The prevalence of mental health concerns, including depression and anxiety, have been on the rise over the last several decades. These conditions contribute to the overall strain on healthcare systems around the world as they are so, they tend to have a chronic prognosis, and because they occur from a very young age.
Mental health conditions also have adverse effects on quality of life in those who suffer from them. Therefore, understanding the mechanisms that cause them and linking the conditions to other medical issues which may help to identify them are of the utmost importance to relieve some of the strain on healthcare systems and to improve the quality of life of patients with mental health diseases.
With these influences in mind, a group of researchers sought to systematically examine the relationship between depression and major eye conditions, as research is lacking in this area. They specifically examined the association between depression and dry eye syndrome, age-related macular degeneration, glaucoma, diabetic retinopathy, nuclear cataract, cortical cataract, posterior subcapsular cataract, and lower best corrected visual acuity.
The study was population-based and performed in Beijing in both rural and urban settings. There were 3,468 participants, ranging in age from 50 to 93 years old. They underwent extensive eye examinations and completed interviews to determine whether depression was present based on a Chinese depression scale and Zung’s self-rated depression scale. The researchers also gathered information on socioeconomic background.
Depression Linked to Specific Eye Shape
Of the total participants, 66 showed signs of depression consistent with a depression score greater than 44, which is how the researchers defined a diagnosis in this scenario. This was of 80 potential depression symptoms, five of which showed signs of depression with a depression score greater than 59. After analyzing the data, the researchers found that a higher depression score was generally associated with a greater number of days of dry eye feeling and shorter corneal curvature radius.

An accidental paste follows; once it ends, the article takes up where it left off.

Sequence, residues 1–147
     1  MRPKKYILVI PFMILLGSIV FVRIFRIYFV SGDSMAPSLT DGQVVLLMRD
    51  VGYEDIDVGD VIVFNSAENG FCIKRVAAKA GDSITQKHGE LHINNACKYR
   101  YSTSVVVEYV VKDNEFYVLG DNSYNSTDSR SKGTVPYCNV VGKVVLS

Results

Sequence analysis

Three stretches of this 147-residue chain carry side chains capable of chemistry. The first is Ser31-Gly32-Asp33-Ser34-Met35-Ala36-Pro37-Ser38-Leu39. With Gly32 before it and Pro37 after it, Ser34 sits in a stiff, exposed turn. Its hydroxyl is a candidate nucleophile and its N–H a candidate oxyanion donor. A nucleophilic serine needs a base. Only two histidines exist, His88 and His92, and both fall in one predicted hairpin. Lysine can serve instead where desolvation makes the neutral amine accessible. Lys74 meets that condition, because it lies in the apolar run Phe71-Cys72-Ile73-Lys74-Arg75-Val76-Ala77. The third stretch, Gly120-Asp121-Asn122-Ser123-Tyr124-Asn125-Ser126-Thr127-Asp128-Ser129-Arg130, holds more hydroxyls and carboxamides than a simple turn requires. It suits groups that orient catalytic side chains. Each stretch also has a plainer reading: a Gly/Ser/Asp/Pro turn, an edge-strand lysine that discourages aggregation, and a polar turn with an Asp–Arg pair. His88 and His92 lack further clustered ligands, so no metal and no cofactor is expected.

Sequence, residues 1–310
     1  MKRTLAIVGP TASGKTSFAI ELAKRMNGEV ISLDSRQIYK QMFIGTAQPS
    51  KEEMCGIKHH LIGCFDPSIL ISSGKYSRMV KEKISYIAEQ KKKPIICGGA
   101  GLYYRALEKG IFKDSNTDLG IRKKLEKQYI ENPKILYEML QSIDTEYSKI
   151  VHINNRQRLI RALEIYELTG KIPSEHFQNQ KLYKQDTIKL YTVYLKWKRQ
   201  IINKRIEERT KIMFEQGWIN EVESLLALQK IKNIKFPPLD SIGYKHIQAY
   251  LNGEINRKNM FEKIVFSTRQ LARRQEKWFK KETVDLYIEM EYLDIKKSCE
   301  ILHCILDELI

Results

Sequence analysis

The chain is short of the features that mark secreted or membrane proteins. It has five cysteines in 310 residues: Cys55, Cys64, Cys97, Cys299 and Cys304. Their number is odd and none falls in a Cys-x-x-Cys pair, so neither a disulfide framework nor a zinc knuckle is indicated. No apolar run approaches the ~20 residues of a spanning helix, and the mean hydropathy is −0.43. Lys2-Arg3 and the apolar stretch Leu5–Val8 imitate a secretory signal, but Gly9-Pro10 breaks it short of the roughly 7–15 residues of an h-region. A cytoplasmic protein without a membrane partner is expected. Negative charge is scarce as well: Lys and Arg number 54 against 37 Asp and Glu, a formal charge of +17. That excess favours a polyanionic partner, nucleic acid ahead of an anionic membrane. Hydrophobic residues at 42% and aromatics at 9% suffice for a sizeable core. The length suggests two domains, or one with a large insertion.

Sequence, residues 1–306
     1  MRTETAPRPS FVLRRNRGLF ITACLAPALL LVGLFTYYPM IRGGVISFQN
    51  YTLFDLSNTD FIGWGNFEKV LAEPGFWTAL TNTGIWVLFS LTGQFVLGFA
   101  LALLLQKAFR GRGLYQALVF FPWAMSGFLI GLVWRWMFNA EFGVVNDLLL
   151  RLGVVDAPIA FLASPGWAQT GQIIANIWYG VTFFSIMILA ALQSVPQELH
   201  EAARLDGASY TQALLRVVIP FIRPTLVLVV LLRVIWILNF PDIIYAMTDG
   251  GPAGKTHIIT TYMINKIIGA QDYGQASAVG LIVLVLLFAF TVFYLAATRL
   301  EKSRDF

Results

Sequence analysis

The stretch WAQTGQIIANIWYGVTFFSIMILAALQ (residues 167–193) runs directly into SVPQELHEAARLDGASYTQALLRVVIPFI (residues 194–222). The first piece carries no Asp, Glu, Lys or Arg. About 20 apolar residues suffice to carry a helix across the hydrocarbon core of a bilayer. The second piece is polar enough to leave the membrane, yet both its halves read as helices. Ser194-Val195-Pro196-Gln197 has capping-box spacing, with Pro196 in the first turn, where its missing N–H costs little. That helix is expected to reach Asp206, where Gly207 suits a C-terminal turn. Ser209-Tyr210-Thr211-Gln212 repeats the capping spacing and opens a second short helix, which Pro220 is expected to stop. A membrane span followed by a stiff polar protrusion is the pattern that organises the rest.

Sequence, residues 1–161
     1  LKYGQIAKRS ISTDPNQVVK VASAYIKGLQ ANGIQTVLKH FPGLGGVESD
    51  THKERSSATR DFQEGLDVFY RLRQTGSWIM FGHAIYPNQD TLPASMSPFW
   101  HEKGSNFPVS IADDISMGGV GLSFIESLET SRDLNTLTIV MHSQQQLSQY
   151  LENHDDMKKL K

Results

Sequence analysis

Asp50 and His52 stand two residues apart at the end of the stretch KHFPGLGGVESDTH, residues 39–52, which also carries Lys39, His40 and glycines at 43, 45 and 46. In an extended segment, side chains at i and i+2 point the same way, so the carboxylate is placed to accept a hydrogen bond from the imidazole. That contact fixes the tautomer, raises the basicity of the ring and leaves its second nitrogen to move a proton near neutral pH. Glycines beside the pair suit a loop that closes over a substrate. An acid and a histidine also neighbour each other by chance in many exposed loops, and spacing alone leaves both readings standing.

These results were true after adjusting the results for age, gender, region of habitation, body mass index, cognitive function score, life quality score, and blood concentration of triglycerides. The researchers did not find any similar connections between depression or age-related macular degeneration, glaucoma, diabetic retinopathy, nuclear cataract, cortical cataract, and posterior subcapsular cataract. There was a marginally significant relationship between depression and lower best corrected visual acuity.
Overall, the most significant finding was the association between a higher self-rated depression score and days of feeling dry eye syndrome. This confirms findings that have previously linked the two conditions. One limitation of this study to note is that depression was diagnosed based on self-reported data, as well as a one-time interview with a psychological professional. Mental health disorders are complex health issues and often require long periods of time to confirm diagnosis.
These findings do, however, narrow the list of ocular conditions which may affect or be affected by depression and can allow future research to focus on uncovering the nature of the association between depression and dry eye syndrome.
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